Saving the Phenomena

When you assay a situation, you look at all the elements that created the problem in order to come up with a solution. Whatever else a philosophical explanation might do, it must account for the way things seem like to us.  We should expect science to not just save the phenomena, but also to provide us with the truth of how it came about and explain all the mechanisms involved in the production of the phenomena.  It should tell us a true story about any and all unobservable entities that are not detected by the human eye.

Sometime between 1508 and 1514, Nicolaus Copernicus (1473-1543) a Polish mathematician and astronomer ushered in the age of science by developing his own celestial model, a heliocentric or “Sun-centered” planetary system.  Copernicus proposed that the Sun was at the center of the universe and he backed up his theory with observations and trigonometric calculations.  Copernicus’s theory was the first hint that perhaps the nature of reality depended on the position of the observer.  He thought that all the planets’ orbits should be plotted with respect to a fixed point being the Sun, and that the Earth itself is a planet that turns once daily on its own axis, and that when the axis changes directions with respect to the stars this will account for the precession of the equinoxes, thus causing the North Pole star to change over time.  Copernicus was not the first to come up with this idea, as Aristarchus of Samos maintained that Earth rotated on its axis and revolved around the Sun, but his idea never caught on, because others in his day judged that it was physically impossible for the Earth to move.

Plato understood that the Earth had to be a sphere since its shadow was always circular and that the planets had to be spheres, because they were in the heavens and that was the most perfect solid.  Plato felt that the heavens were perfect, so the planets could only move in continuous uniform circular motion.  There were problems with the model of motion of the moon, planets, Sun and stars that Plato conceived, so he gave his students a major problem to work on.  Their task was to find a geometric explanation for the apparent motion of the planets, especially the strange retrograde motion.  It had been observed that as a planet undergoes retrograde motion (drifts Westward with respect to the stars), it becomes brighter.  At periodic times, the planets seemed to reverse their direction of motion around the Earth, which is technically known as retrograde motion.  Planets sometimes seemed brighter and sometimes less bright, which was interpreted to mean that they are sometimes closer and sometimes further from the Earth.  The solar seasons were not quite equal, as should be expected for perfectly circular motion.  It seemed that the Sun was speeding up and slowing down at various points in its orbits.  This project became known as “saving the phenomena” and it dominated cosmology until the time of Newton.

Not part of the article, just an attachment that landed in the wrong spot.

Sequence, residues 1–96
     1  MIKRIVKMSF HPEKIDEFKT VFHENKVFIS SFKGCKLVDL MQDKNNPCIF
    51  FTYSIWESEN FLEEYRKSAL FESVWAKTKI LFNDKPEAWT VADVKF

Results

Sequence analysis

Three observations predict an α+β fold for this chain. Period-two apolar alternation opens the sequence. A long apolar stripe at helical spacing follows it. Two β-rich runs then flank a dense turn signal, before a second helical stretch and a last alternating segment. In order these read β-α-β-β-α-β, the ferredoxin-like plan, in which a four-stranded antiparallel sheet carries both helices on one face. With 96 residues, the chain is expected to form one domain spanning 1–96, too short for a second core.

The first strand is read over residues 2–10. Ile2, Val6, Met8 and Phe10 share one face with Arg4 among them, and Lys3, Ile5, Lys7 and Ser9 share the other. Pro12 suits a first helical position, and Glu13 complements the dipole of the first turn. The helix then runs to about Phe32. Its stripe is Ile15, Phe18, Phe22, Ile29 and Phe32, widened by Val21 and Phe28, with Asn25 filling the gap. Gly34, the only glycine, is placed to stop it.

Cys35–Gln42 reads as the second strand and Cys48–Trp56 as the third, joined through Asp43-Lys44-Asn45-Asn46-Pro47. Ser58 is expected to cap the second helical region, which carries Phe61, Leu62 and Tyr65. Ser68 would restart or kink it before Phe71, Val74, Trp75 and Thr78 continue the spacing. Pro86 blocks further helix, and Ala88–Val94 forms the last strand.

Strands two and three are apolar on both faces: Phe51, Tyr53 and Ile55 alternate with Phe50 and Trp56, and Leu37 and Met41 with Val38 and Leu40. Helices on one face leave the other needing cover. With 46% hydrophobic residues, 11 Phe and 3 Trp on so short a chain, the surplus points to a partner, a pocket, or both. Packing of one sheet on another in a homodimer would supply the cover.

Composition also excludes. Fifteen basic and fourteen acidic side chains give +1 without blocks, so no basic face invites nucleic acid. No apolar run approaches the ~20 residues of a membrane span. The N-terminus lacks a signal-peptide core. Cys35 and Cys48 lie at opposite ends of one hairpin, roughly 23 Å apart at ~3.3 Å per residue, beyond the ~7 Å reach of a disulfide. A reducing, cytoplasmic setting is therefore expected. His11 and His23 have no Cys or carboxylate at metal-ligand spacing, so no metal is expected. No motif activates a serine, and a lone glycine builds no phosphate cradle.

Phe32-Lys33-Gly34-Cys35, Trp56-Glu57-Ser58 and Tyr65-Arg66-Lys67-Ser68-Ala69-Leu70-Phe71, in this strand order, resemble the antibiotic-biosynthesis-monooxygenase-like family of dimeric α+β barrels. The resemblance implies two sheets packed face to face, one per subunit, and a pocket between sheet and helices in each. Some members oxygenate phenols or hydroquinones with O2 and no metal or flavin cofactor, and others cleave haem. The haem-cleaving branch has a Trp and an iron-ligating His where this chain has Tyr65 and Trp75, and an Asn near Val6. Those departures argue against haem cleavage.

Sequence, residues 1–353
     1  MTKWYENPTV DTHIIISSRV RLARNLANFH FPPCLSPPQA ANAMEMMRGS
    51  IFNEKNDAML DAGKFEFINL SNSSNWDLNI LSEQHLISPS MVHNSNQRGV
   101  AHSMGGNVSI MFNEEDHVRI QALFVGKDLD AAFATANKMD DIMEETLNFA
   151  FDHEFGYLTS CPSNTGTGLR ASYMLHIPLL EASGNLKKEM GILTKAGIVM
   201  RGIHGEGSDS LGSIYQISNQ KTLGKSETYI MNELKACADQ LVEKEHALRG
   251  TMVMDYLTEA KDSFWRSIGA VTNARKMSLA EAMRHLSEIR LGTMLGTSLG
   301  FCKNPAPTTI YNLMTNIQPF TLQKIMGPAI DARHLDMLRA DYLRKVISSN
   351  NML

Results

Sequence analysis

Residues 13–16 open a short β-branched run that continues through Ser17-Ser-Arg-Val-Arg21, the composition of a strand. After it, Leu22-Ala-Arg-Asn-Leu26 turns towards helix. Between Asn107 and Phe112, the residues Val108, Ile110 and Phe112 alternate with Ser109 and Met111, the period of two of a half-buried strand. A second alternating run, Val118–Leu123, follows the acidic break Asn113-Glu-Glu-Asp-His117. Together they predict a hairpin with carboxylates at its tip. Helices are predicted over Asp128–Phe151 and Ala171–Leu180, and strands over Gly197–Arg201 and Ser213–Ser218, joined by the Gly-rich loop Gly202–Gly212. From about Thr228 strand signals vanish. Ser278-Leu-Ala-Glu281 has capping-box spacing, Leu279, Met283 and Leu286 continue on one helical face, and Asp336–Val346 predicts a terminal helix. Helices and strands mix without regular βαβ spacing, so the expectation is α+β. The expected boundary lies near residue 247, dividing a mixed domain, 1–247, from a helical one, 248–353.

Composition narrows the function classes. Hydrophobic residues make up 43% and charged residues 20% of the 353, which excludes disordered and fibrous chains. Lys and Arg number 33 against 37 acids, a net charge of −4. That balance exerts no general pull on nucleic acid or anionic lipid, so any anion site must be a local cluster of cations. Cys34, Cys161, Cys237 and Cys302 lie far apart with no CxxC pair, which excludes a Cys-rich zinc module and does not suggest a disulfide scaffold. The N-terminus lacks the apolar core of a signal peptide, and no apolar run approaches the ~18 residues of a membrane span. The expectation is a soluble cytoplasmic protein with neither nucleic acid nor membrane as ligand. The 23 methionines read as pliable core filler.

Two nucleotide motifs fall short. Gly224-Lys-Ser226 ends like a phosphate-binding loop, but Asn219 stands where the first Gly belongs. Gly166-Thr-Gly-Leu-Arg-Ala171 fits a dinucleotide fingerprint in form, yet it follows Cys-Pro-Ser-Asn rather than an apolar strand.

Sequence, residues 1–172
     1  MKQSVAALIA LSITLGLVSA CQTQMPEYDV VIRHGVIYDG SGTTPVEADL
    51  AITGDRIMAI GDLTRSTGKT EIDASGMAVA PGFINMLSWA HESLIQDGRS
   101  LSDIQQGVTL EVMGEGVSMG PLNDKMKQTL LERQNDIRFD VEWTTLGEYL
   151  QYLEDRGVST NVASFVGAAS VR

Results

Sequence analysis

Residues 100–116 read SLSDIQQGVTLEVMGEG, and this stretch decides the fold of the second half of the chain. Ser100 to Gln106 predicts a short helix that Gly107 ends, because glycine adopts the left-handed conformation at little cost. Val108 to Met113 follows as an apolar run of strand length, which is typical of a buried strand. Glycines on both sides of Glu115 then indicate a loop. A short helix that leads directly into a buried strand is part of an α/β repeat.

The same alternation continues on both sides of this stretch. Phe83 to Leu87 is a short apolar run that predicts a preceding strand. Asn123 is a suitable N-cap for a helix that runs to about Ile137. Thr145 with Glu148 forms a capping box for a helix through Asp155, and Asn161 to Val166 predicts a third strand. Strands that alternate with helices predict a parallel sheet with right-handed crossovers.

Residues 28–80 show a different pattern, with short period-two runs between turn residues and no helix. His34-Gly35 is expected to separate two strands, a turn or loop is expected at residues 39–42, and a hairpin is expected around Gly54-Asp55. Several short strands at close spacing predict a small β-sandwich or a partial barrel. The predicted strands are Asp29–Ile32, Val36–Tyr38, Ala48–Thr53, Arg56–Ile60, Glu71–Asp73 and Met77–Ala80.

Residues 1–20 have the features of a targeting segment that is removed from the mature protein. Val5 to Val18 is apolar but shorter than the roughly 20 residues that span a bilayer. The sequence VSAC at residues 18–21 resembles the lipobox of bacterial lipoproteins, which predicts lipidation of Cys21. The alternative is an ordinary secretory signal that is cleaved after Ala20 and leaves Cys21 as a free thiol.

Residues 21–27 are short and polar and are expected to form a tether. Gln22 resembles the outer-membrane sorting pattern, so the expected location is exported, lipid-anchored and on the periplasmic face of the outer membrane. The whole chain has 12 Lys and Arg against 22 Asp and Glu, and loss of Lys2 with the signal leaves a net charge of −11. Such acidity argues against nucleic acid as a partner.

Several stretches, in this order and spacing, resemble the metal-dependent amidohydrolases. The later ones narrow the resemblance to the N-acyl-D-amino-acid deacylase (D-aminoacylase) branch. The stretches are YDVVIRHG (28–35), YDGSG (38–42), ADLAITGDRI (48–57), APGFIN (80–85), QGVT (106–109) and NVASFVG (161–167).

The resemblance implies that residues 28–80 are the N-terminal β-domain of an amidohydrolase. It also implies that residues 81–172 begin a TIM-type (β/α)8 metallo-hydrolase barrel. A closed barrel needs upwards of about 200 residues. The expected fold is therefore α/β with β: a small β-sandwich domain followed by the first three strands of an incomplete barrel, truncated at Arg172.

Aristotle who studded under Plato created a model of the universe, with planets moving in perfect circles around the Earth, but it did not account for real planetary motions, because he made the wrong assumptions that the Earth was the center of the Universe, and that the heavens exhibited uniform circular motion.  Ptolemy and others explained uniform circular motion using a system called epicycles, which had the planets moving in little circles within their greater orbits.  Copernicus knew that some things didn’t make sense, like when Mars occasionally appeared to move backward with respect to the stars before moving forward again.  He was disturbed by the failure of Ptolemy’s geocentric model of the universe to follow Aristotle’s requirement for the uniform circular motion of all celestial bodies and he became determined to eliminate Ptolemy’s concept, concerning an imaginary point around which the bodies seemed to follow that requirement.

Copernicus decided that he could achieve his goal only through a heliocentric model, which remained simple and was more elegant, but it still required perfect circular motion and it did include the added complexity of epicycles to try and explain retrograde motion.  Copernicus presented his sun-centered model of the heavens where Earth is depicted as the third planet orbiting the Sun.  Copernicus’ system was able to explain both the varying brightness of the planets and retrograde motion. The brightness of the planets would naturally vary because the planets were not always the same distance from the Earth and the retrograde motion was explained in terms of geometry and a faster motion for planets with smaller orbits.  Copernicus anticipated that his ideas would be controversial, so he waited more than 30 years to publish his book and only did this when he was on his deathbed.

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